Fury at plans that 'threaten the IB's survival' in Sweden
Sponsored Article
Swedish for programmers: 'It changed my life'
Analysis & Opinion
Are we just going to let half the country die?
Angry elk chases Swede up a lamp post
Sponsored Article
Top 7 tips to help you learn Swedish
The Local Voices
'Alienation in Sweden feels better: I find myself a stranger among scores of aliens'
Sponsored Article
‘Extremism can't be defeated on the battlefield alone’
People-watching: October 20th
The Local Voices
A layover at Qatar airport brought this Swedish-Kenyan couple together - now they're heading for marriage
Sponsored Article
Stockholm: creating solutions to global challenges
Swede punches clown that scared his grandmother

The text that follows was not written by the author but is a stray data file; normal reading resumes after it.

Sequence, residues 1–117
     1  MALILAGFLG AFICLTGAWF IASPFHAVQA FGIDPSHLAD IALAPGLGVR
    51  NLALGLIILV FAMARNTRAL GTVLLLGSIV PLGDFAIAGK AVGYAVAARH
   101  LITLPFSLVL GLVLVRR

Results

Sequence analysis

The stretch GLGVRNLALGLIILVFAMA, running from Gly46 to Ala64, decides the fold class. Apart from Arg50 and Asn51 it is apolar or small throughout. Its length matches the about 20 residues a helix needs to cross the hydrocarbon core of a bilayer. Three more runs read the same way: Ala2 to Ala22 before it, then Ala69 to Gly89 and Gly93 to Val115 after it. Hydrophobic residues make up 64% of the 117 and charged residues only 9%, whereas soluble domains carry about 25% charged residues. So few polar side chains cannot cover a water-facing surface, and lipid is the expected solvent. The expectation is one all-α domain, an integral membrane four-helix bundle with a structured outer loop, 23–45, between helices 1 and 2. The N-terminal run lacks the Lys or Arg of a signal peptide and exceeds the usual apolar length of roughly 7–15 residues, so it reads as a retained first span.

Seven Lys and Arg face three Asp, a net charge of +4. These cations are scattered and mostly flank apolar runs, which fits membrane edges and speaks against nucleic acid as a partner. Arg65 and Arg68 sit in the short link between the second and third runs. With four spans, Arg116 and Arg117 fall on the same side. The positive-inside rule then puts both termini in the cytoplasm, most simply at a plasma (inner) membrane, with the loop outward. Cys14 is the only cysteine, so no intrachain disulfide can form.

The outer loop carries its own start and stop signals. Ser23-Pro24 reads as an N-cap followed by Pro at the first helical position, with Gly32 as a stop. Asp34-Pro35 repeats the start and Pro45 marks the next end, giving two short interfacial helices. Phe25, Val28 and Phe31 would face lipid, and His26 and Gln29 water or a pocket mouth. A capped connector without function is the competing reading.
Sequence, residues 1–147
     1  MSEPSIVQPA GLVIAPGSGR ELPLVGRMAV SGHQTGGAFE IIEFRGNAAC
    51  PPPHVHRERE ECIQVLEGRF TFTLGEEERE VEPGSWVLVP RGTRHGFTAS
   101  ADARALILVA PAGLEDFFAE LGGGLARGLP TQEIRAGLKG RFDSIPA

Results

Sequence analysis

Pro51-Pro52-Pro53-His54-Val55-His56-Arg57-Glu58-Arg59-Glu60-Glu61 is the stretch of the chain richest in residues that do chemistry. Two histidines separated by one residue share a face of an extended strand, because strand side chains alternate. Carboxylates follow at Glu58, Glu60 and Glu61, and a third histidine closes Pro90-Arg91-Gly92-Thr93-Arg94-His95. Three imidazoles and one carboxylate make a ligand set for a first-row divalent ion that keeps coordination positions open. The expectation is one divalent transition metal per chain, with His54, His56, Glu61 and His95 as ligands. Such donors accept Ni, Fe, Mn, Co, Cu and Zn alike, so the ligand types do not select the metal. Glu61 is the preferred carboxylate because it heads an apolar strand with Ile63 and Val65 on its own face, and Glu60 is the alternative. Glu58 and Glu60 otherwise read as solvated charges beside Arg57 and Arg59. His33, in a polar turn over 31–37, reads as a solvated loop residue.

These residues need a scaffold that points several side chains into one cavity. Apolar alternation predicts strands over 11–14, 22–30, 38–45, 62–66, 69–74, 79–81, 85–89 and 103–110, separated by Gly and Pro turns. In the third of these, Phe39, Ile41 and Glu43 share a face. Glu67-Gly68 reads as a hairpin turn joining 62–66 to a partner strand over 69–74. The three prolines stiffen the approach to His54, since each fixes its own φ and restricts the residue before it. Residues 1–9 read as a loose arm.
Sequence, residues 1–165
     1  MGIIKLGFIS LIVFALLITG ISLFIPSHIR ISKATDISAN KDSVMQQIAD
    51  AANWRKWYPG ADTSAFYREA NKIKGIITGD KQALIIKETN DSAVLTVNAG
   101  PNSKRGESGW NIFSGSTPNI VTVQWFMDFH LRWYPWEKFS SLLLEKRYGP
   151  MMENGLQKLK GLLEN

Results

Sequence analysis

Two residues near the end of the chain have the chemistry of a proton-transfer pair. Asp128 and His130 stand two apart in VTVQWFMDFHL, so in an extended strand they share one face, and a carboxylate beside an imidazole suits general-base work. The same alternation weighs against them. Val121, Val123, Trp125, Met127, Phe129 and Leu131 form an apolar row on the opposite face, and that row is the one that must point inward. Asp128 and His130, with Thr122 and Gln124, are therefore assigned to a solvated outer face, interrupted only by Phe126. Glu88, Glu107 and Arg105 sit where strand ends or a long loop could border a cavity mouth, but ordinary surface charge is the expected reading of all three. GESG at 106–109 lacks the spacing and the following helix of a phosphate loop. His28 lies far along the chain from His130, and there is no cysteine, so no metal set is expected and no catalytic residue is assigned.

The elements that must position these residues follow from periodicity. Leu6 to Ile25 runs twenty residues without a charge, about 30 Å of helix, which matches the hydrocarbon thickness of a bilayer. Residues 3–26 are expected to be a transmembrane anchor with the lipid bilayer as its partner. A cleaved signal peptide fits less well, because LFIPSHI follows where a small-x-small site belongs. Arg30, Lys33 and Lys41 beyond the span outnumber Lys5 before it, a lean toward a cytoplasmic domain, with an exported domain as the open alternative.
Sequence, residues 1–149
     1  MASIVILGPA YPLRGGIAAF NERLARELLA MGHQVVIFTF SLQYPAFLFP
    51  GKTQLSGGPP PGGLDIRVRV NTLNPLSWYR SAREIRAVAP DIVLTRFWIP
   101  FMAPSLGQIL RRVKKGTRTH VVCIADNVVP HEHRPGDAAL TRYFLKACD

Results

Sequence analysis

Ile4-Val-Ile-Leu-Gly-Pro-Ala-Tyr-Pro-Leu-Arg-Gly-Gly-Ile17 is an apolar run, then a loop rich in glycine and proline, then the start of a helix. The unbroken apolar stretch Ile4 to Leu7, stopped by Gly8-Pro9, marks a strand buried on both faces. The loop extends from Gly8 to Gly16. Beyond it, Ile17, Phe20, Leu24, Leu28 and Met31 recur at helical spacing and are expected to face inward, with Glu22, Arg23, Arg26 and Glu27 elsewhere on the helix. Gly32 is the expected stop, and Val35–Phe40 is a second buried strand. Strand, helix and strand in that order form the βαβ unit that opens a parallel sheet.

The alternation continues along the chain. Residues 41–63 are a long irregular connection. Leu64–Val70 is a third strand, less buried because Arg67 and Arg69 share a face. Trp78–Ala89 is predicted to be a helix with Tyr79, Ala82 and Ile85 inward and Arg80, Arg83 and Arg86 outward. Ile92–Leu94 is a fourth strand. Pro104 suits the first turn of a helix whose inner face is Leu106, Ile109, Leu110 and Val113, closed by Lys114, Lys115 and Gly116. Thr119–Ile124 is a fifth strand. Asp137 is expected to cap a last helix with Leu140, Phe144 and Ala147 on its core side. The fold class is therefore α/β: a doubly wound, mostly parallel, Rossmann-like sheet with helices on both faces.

Sponsored Article
Why you should 'grab a chair' on Stockholm's tech scene
Fans throw flares and enter pitch in Swedish football riot
Sponsored Article
Where is the Swedish music industry heading?
Could Swedish blood test solve 'Making a Murderer'?
Sponsored Article
One expat's strategy for making friends in Stockholm
Swedish school to build gender neutral changing room
Sponsored Article
Nordic fashion in focus at Stockholm University
People-watching: October 14th-16th
Man in Sweden assaulted by clowns with broken bottle
Nobel Prize 2016: Literature
Watch the man who discovered Bob Dylan react to his Nobel Prize win
Record numbers emigrating from Sweden
People-watching: October 12th
The Local Voices
'Swedish startups should embrace newcomers' talents - there's nothing to fear'
How far right are the Sweden Democrats?
Property of the week: Triangeln, Malmö
The Local Voices
Syria's White Helmets: The Nobel Peace Prize would have meant a lot, but pulling a child from rubble is the greatest reward
jobs available